Neutron stars are under incredible pressure. Take a star twice the size of our sun, squish all that mass down to the diameter of a city, and you get a neutron star, the densest known object in the universe. So it comes as a bit of a shock to learn that protons — the particles inside every atom of everything you know, including stars themselves — contain pressures 10 times greater than that. How did it take us this long to find out?
The first measurement of a subatomic particle’s mechanical property reveals the distribution of pressure inside the proton.
Just Squeeze Me
Before we explain this new discovery, it's best to back up and explain just what's under pressure inside a proton in the first place. Protons exist in the nucleus of every atom in the universe. You know how every element has its own number on the periodic table? That's the number of protons contained in an atom of that element. But if you could zoom in even further past the inside of an atom to the inside of a proton, you'd see even more particles. Those are called quarks and gluons, and they're what's known as elementary particles, since they can't be broken up any further. Quarks and gluons are just two types of elementary particles, and there are others you're probably more familiar with: the electron, for instance.
When scientists say that protons are under pressure, it's the quarks they're talking about. Inside the proton, those elementary particles withstand pressures of 1035pascals, according to the new paper published in Nature. That's roughly 1030 times the pressure you experience at sea level here on Earth. But protons are incredibly tiny, and quarks even more so. How do we know what kind of pressure they're under?
Who's Down With GPD
We know because of a particularly brilliant strategy conceived by Volker Burkert, Latifa Elouadrhiri, and Francois-Xavier Girod at the U.S. Department of Energy's Thomas Jefferson National Accelerator Facility. See, in 1966, a physicist named Heinz Pagels theorized that we might be able to probe the mechanical structure of a particle like the proton by shooting it with a beam of gravitons to find what's known as its gravitational form factor. The graviton is a hypothetical particle thought to be responsible for the force of gravity. The only problem here is "thought to be" — we've never actually detected a graviton, and since gravity is the weakest force in the universe, it's unlikely that we ever will. As you might imagine, then, shooting a proton with a beam of gravitons to probe its structure is a pretty far-fetched idea, and even Pagels himself didn't think it would happen.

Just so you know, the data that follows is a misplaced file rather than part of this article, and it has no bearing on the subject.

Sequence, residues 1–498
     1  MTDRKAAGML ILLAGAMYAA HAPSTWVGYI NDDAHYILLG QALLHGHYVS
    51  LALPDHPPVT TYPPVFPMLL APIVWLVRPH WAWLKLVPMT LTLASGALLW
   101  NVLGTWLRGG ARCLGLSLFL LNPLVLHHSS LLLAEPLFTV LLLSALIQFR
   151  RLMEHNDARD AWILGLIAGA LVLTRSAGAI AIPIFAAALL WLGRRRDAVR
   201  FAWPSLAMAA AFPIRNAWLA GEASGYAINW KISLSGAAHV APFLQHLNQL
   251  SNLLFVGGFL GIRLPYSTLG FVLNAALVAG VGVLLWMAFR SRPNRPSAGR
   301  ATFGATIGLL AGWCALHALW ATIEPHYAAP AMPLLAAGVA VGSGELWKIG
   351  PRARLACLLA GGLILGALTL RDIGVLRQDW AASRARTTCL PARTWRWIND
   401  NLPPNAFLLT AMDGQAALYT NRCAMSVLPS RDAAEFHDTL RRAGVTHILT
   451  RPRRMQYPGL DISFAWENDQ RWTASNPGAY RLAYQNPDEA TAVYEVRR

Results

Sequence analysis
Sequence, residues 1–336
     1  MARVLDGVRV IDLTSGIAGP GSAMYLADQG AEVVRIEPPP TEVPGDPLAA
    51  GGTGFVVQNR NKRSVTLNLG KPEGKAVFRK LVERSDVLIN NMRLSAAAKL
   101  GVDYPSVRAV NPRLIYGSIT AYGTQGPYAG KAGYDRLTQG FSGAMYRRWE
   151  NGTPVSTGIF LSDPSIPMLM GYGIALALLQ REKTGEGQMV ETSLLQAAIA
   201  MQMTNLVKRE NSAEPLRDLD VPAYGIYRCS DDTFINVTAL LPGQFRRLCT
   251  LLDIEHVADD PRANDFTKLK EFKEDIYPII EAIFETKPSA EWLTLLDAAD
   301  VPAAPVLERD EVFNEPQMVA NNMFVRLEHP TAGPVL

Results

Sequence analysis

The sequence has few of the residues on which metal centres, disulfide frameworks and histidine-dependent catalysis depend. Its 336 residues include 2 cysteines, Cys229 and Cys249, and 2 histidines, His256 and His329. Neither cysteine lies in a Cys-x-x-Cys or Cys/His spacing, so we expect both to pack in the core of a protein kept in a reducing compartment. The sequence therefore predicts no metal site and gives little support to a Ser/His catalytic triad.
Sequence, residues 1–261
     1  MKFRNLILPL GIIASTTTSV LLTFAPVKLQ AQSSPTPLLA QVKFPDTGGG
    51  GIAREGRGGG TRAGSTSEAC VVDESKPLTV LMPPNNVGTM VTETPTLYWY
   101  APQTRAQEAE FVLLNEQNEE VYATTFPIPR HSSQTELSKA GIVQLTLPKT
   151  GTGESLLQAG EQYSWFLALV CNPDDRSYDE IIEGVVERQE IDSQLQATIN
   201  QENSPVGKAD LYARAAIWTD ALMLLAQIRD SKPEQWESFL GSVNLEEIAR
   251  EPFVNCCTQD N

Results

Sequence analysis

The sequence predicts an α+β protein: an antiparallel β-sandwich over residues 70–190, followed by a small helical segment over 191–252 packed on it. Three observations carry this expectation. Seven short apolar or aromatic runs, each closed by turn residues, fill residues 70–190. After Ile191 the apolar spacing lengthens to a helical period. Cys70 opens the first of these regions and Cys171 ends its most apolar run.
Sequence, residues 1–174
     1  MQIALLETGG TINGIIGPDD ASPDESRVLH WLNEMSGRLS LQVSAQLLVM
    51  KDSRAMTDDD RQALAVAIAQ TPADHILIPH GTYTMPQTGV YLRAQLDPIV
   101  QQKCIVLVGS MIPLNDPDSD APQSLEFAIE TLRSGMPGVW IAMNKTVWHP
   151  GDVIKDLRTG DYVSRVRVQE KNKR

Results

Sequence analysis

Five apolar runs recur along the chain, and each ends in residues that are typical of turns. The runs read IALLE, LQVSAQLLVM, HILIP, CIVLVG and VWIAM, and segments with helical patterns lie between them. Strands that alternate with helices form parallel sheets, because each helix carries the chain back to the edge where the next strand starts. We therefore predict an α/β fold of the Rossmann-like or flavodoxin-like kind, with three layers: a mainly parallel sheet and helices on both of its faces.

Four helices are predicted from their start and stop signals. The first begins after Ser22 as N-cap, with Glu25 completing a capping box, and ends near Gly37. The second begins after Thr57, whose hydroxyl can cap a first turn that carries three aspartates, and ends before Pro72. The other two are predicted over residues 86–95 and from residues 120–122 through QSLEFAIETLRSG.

But recent research has shown that you can substitute a more realistic measurement for a particle's gravitational form factor. To get that measurement, called the generalized parton distribution or GPD, scientists perform another heavily acronymed process called deeply virtual Compton scattering, or DVCS, which involves sending an electron into a proton to exchange energy with one of its quarks. The proton then releases that energy, which the scientists analyzed to produce a 3D image of its electromagnetic (but not mechanical) structure. The Jefferson Lab researchers used what they knew about the similarities between electromagnetic probes, which are real, and gravitational probes, which are hypothetical, to convert that analysis into information about the proton's mechanical structure — and therefore, the pressure inside of it.
Now that we know that protons are under an immense amount of pressure, what does that tell us? Well, considering that protons are inside every atom in the universe, it tells us a whole lot. Everything new we learn about them tells us something new about matter. And as common as the proton is, there's still a lot to discover. According to Gizmodo's Ryan F. Mandelbaum, scientists are still puzzling over its size, its decay process, and its other fundamental properties. When you think about the fact that this little particle makes up every bit of you, the more we know about the proton, the better.
For a more fundamental understanding of the particles that make up our universe (and the forces that govern them), check out "The Cosmic Machine: The Science That Runs Our Universe and the Story Behind It" by Ph.D. physicist Scott Bembenek. We handpick reading recommendations we think you may like. If you choose to make a purchase, Curiosity will get a share of the sale.